TQ: Please tell us about the cover for Magicians Impossible.
Brad: The cover is awesome. And what makes it awesome is it’s a great blend of iconic spy imagery like James Bond with the element of the fantastic of smoke and fire. I think that image paired with the book’s title basically tells you everything you need to know about the book without reading the jacket copy or plot synopsis. If the cover grabs you, the book will too.
TQ: In Magicians Impossible who was the easiest character to write and why? The hardest and why?
Brad: The easiest and most difficult characters to write were the father and the son respectively. Damon King, the magic-wielding secret agent was a blast to write because he’s at the peak of his powers, fast with the quip, and lethal with a deck of cards. He was just a fun character to write, despite being only a small part of the story. The flipside of that was Jason, who was much more difficult because his was the dominant POV, and the character who took us into this world. I had to do a lot of heavy lifting to make sure he felt like a real person. He’s very much me at a much younger age when I was still trying to get my act together. He also had to carry the story on his shoulders. The other characters in the story are all a lot flashier, but Jason needed to be grounded in our reality not theirs.
TQ: Why have you chosen to include or not chosen to include social issues in Magicians Impossible?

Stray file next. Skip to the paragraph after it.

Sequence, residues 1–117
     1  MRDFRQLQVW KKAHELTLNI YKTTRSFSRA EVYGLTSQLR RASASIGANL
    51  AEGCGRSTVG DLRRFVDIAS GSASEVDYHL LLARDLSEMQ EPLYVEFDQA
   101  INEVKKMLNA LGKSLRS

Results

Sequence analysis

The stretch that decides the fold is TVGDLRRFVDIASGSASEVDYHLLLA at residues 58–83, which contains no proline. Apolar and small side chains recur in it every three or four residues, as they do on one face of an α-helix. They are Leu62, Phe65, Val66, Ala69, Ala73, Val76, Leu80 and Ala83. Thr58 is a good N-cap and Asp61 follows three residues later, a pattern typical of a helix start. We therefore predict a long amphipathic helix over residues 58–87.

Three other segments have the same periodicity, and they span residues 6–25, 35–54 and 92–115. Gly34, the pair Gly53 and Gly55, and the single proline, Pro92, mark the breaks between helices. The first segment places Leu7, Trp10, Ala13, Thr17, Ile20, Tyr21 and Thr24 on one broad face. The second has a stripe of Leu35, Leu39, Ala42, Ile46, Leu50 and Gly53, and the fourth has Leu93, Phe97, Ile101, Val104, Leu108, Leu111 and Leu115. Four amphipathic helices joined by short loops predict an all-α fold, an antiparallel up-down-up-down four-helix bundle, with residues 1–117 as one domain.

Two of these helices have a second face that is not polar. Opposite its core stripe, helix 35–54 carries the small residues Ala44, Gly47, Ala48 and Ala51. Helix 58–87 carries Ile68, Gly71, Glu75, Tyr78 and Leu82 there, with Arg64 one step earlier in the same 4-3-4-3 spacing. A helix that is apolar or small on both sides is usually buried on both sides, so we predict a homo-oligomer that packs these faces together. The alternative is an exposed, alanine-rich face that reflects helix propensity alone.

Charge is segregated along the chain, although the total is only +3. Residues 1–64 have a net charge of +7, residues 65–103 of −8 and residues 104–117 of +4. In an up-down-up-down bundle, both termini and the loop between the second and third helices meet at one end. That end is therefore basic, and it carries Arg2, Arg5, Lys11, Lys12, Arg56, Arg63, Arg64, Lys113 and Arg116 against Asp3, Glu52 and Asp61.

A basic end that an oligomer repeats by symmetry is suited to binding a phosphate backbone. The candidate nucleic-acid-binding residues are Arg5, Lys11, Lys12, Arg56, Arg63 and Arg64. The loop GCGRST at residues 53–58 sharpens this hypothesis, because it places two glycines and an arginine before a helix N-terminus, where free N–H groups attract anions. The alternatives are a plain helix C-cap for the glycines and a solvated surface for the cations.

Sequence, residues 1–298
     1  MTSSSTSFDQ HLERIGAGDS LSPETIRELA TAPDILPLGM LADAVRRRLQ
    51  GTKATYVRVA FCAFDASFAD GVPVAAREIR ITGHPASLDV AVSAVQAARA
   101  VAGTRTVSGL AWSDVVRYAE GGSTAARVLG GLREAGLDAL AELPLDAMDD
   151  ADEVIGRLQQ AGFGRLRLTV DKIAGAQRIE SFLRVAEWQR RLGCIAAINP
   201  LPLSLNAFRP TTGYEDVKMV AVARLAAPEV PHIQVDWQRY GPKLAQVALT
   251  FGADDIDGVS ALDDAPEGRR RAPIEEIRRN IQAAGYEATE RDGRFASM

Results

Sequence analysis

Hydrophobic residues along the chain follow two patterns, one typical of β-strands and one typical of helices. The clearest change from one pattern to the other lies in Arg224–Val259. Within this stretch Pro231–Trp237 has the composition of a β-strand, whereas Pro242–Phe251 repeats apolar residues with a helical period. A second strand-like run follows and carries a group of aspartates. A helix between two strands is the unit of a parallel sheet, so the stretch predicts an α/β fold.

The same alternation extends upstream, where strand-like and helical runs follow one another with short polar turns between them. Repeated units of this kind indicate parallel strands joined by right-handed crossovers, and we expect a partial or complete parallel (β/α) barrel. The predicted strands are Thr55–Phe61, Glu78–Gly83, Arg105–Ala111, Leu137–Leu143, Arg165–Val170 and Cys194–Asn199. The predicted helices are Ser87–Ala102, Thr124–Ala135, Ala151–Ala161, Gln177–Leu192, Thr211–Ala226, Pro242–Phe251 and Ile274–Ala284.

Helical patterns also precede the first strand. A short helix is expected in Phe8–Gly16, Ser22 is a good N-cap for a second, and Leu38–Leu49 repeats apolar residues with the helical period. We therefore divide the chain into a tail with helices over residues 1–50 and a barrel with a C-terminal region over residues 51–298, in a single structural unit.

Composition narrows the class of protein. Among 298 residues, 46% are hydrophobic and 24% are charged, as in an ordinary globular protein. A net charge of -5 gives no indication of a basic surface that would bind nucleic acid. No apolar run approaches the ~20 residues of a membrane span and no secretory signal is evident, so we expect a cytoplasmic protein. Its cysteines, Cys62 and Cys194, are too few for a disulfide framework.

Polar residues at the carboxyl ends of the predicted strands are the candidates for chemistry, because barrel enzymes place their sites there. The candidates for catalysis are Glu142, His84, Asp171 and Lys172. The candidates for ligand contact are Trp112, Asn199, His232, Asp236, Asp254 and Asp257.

Brad: On the surface social issues might not appear to be a big part of Magicians Impossible; I shied away from tackling specific real-world problems, but if you dig a little under the surface you will find them. The Invisible Hand and The Golden Dawn are both populated by a very diverse group of characters from all cultures and all walks of life. In fact Jason Bishop – American/Caucasian/Male – is the anomaly. There isn’t another character in the book aside from Damon, his father, who shares that background. To me the idea of these magic users being the rarest of a rare breed meant that had to be from places other than America. It made sense to me that they’d be a diverse bunch.
TQ: Which question about Magicians Impossible do you wish someone would ask? Ask it and answer it!
Brad: The question I have yet to be asked about Magicians Impossible is the one question seemingly every author is asked about their debut book; “how autobiographical is this novel?”